Complete teacher in a divided world

March 17, 1995

Akbar Ahmed on the provocative social scientist Ernest Gellner. I first met Ernest Gellner 20 years ago. Based at the London School of Economics, he already had a formidable academic reputation, astriding several disciplines. He knew Muslim society through anthropological work in Morocco. I was doing a PhD at the School of Oriental and African Studies and often attended his talks.

I had just completed an anthropological book. On one level it was a critique of the literature on the Pathans in north Pakistan. On another, it challenged some of the established notions of the discipline. One was that religion, in this case Islam, was no longer of any significance in explaining how people thought and behaved. In the case of the Pathans I knew this was just not correct. But I was a mere student. To mention belief, culture, tradition and custom was to risk being an outcast in academe. Iran, the pundits were telling us, was poised to become a major secular power in the shadow of the United States. The mullahs were on the verge of extinction; this a few years before Khomeini arrived in Iran at the head of the Islamic revolution.

The book was being considered by Routledge but they were apprehensive about backing an unknown horse. What if my ideas were all wrong? In any case I had no major publication behind me nor a name to back me. I was the classic outsider. In the context of my discipline, then, I was more: I was also the "cheeky nigger", daring to challenge the orthodox white establishment. Remember this was before such figures as Salman Rushdie and Edward Said burst on the cultural and intellectual scene.

Several reviewers had already expressed doubts about my work when Gellner was sent the manuscript. He not only provided an enthusiastic endorsement but agreed to write a scintillating foreword pointing out the significance of my arguments. For me, the rest is history. The book made a splash in the discipline. It was given the "star treatment" by Current Anthropology.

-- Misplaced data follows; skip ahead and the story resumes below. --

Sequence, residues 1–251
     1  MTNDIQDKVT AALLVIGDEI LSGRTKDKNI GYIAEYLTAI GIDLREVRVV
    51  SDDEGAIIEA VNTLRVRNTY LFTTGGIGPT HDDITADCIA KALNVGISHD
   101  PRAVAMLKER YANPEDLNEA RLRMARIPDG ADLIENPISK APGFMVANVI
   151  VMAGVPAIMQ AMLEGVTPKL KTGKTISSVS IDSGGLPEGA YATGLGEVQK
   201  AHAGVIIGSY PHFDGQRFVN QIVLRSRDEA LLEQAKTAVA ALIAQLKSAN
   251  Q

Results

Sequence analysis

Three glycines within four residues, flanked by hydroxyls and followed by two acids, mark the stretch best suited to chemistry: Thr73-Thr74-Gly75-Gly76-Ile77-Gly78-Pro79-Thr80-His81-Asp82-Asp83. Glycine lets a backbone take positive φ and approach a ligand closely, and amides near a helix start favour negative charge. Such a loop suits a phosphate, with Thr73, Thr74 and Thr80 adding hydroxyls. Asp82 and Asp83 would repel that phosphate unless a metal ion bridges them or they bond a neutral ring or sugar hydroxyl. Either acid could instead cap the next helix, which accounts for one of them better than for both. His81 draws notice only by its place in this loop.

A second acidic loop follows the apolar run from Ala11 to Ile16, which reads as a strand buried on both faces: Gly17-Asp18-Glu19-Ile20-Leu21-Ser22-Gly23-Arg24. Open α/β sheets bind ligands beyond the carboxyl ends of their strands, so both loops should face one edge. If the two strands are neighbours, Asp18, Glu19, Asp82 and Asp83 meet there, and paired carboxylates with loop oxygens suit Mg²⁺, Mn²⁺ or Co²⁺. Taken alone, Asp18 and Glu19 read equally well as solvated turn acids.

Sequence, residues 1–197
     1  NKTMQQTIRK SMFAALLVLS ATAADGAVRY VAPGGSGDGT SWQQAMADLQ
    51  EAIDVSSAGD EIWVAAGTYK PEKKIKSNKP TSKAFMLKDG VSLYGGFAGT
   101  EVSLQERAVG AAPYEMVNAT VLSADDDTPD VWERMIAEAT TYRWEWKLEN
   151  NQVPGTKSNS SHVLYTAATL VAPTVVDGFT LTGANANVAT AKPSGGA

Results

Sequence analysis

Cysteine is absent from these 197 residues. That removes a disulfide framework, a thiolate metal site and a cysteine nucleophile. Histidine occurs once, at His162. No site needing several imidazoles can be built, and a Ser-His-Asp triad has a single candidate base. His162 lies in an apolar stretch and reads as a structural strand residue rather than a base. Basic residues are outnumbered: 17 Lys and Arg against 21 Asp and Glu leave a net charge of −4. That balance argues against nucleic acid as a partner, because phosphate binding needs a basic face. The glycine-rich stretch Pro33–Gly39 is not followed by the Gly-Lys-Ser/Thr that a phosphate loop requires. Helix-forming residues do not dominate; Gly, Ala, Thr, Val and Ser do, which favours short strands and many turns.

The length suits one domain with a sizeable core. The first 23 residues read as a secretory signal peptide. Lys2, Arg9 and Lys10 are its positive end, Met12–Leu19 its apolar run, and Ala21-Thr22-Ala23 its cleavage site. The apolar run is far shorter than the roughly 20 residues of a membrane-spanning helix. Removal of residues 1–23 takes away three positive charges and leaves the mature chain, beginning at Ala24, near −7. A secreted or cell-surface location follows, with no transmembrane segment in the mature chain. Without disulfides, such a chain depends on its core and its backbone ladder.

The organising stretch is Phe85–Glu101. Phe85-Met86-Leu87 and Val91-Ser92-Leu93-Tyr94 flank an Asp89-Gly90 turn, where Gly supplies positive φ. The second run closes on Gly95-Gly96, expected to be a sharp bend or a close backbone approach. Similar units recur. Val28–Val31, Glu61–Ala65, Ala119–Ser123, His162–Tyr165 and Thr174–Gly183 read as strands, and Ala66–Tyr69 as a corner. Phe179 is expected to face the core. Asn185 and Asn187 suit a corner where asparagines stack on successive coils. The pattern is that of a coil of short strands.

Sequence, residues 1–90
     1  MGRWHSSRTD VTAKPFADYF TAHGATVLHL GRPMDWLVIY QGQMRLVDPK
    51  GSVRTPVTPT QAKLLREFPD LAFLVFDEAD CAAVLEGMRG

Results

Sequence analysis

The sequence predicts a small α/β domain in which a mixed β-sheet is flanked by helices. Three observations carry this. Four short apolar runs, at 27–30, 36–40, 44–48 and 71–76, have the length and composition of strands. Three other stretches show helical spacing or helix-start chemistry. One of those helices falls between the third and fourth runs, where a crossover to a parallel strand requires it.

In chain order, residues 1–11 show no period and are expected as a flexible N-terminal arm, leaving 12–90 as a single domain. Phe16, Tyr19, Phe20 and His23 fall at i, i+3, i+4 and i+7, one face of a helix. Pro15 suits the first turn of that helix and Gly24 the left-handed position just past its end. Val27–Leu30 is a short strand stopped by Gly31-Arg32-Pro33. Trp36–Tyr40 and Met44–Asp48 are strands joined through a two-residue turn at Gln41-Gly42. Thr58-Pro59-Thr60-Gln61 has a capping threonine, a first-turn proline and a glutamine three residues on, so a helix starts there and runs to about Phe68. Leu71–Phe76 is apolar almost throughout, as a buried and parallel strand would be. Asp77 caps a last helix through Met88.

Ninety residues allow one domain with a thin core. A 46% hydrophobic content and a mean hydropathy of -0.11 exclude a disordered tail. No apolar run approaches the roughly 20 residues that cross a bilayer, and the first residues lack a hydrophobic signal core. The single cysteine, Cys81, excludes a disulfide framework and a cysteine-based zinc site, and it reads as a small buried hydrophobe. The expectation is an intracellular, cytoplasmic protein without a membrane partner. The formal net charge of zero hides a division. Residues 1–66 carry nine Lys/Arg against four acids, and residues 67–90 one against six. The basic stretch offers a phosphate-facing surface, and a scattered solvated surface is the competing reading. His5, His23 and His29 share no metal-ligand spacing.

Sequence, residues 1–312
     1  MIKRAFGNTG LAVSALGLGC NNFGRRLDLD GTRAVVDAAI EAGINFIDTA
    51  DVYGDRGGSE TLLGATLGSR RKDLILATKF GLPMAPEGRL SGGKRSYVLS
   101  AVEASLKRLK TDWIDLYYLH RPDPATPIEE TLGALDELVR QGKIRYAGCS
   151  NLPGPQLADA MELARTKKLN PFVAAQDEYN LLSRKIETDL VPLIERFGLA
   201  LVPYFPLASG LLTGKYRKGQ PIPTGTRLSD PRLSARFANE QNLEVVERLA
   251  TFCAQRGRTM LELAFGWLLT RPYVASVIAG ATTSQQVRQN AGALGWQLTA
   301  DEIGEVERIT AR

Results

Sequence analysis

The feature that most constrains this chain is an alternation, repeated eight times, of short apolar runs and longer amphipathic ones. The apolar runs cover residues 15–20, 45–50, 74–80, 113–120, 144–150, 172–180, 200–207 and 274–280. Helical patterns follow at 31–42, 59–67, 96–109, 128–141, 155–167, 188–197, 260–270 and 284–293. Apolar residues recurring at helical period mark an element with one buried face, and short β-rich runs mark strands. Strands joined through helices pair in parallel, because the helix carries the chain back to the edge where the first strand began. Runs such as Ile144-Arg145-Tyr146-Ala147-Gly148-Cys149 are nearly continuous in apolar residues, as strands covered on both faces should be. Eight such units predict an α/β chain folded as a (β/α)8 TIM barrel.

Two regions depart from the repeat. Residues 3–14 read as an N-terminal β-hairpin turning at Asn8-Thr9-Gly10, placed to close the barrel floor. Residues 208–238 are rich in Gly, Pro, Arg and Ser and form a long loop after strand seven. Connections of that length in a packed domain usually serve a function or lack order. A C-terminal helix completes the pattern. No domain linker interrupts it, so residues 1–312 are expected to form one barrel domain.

Gellner continued to come to my aid. On a BBC Late Show discussion hosted by Michael Ignatieff, at the height of The Satanic Verses controversy, Gellner neatly demolished the arguments of the eminent participants. Ian McEwan, Sir Frank Kermode and Antonia Byatt argued that Muslims were not tolerant and had no tradition of intellectual dissent. Gellner argued that one society cannot be judged by the yardstick of another.

A personal high point in my academic career came when I shared the same platform as Gellner. It was a rather grand occasion organised by the Royal Anthropological Institute to commemorate its 150th Anniversary. Sir Raymond Firth, a legendary anthropologist, also spoke. Gellner was typically provocative. Other disciplines, like economics and political science had failed to make sense of our world. Anthropology, because it examined society as an integrated whole, was ideally placed to do so. The journalists present, sure that they had the answers, were not convinced.

I publicly acknowledged Gellner at a function organised by the British Council in Cambridge to honour me. The high and the mighty attended. I was most honoured, I said, by their presence, but most of all by that of my guru. Naturally modest, Gellner looked uncomfortable. I do not think he ever realised the significance of his characteristic magnanimity. For me, he had lived up to an ideal of the teacher - bold, generous and sympathetic.

So much has changed in less than a generation. Being seen to be politically correct, the general loss of respect for authority figures and triumphant consumerism have combined to reduce the teacher to quivering impotency.

But Gellner remains impervious to the winds of fashion, exploring ideas wherever they take him. He took on Edward Said, the uncrowned academic king of Arab causes. The emperor, Gellner said, in a recent heated public exchange, had no clothes. Said, in effect, was saying little that was new or of worth. The champions of political correctness were up in arms.

The current debates place Islam very much at the centre of the storm. The world is simplistically divided between Islam and/versus the West and so on. I am often asked by the zealous to fall into battleline. When I am told a white man can never be sympathetic because I am black, a European because I am Asian or a Jew because I am Muslim I mention the example of Gellner. That, I believe, is the ultimate tribute in our dangerously complicated, and hopelessly divided world.

Akbar S. Ahmed is fellow of Selwyn College and a member of the Centre of South Asian Studies, Cambridge.

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